Thursday, May 20, 2010

The Blog of Death (or Florida 2010, Series 2)

Overtired this week, frustrated with the outcome of the previous post, and reading in my spare minutes snatches from another book about the generation who attended Oxford in the 1920s, I was going to confess on an extravagant scale the truth that the day a person starts a blog is the day he has conceded that he has given up on life and is henceforward counting down the hours until the grave is finally reading to receive him, but, while I do think this is to a certain extent true, I have had a couple of hours to think it over and have decided not to take such an extreme line today.

My frustrating experiences, especially in recent years, in trying to compete against others in mastering ideas and perceiving the reality of events and situations in the real world has convinced me that I will never be able to do so, and has caused me to retreat into trying to find a framework by which to live ever more in forms and patterns, of writing and language, of traditions and stories, of aesthetics, of logical systems that are adaptable to my individual level while still remaining inspiring as well as possessed of meaning...Enough for today. Baby steps. My meanings will reveal themselves blatantly enough in time.

This is a Zoo/Park Featuring Exotic Animals. I will spare you more pictures of these, though there are some nice pictures of tortoises, my son holding a baby alligator, and so on. They Have a Shrine at this Zoo. Inside those windows are plaster dioramas featuring scenes from the life of Christ. I have a weakness for that kind of display, though these dioramas were especially amateurish as well as in need of some kind of cleaning/restoration.

Boat Tour of Lake Myakka, Myakka River State Park. This is a very pretty and well-maintained park about 20 miles inland from Sarasota. I think this lake might be man-made, though I forget. Though it is quite big, it is only 6 feet deep at its greatest depth. The Myakka river drains into it. The evil imported tilapila have totally infested it and have choked off the native aquatic life. The recent cold spell (note the attire of the people on the boat) meant that the edges of the lake were clogged with dead tilapila. The day that we went the sky above the lake was darkened with the circling of vultures all around it.

Alligators Out in the Sun. I saw more alligators elsewhere but it wasn't convenient to stop and gawk at them.

A Three (Five?) Story Tower Gets You Above the Treetops. This structure is buffeted terribly by the wind, so I didn't care for it too much. I'm gussing by the shadows this view is facing south. Good illustration of Florida's flat terrain. The state's highest elevation, which is up in the panhandle near Pensacola and all that, is I believe 381 feet, which I think is the lowest high elevation of any state, even Delaware! (Research confirms that this is true. The high point in Delaware is 448 feet. Florida's is actually only 345 feet.)

Probably a Hopeless Cause, But Trying to Add Scientific Activities to Our Repertoire. So far I have been moderately successful in focusing the moon clearly for about a half-second or so. The most satisfying use I have gotten from the telescope so far is turning it on distant buildings such as churches, old houses and such and examining the details of their roofs and upper storeys. We'll have to get it out in Vermont this summer and try to work on the sky again.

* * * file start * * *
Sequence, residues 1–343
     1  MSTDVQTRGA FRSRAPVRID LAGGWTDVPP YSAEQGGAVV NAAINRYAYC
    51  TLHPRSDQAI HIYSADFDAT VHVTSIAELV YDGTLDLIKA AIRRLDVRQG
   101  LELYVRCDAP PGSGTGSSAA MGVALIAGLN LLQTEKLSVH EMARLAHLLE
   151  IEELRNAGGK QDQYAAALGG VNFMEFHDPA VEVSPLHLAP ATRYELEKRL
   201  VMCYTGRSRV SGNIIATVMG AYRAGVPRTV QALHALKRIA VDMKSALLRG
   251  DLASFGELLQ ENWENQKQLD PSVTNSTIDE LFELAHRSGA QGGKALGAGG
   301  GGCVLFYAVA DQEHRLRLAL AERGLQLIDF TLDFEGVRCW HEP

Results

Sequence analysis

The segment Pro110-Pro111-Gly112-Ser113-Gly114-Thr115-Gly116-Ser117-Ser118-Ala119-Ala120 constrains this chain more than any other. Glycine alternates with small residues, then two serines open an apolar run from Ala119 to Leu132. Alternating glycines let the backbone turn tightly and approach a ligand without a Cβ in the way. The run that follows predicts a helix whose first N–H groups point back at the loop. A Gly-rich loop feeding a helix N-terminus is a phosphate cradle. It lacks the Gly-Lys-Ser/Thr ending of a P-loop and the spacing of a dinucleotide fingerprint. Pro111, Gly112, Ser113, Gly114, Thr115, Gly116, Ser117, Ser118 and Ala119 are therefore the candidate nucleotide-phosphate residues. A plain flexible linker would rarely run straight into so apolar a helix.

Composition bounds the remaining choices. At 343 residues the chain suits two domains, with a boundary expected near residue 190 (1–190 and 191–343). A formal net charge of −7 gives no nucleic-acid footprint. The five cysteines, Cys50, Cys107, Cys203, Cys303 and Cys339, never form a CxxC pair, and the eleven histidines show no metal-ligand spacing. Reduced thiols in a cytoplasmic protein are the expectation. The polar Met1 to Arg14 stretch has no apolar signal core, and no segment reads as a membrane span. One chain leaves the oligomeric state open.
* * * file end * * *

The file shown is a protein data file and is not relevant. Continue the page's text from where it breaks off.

We Say Goodbye to the Beach. It would have been a good day for kite flying.

It Doesn't Look that Bad, But it Must Have Been Cold. Usually there are people walking back and forth up and down this beach all day.

Dinner at Sonny's Bar-B-Q Pit. More chain fun. I sort of excuse myself because for years we didn't actually have all this stuff in New England (and they still don't in Vermont) so it was kind of like seeing the real America. Sonny's isn't the best food, but my three year for some reason has developed a great love for the idea of it, so we stopped there for him. The two times I've gone the waitresses have been the kind of sensible, healthy, unpretentious and good-looking All-American girls I like, so I guess I'll have to go back until my luck runs out.

This was in central Florida on the way back. According to conventional wisdom, while the coasts have been colonized by affluent east coasters and the panhandle in the north across to Jacksonville is still the redneck south, the center area, especially away from Orlando, has been settled by people from the midwest, which accounts for that area's being friendlier and less bombastic than the rest of the state. I don't know if that is true, though I am willing to believe it, but I do like the way the center still retains a little more of an old fashioned look, more orange groves, more train tracks, more one horse towns and farms and so on. There are some older sights there I mean to get around and see some year if I can ever plan my time properly. I wanted to visit the Bok Tower Gardens, which is a large preserve left by Edward Bok, Dutch immigrant, editor of the Ladies' Home Journal and author of the once-classic but now forgotten autobiography The Americanization of Edward Bok, to the state when he died in 1931. The site is not especially well known either--I only read about it in my 1962 encyclopedia--but it's still there, still kept up, and people who have been say (on the internet) that it's really a great place. So maybe next year I'll get over there.

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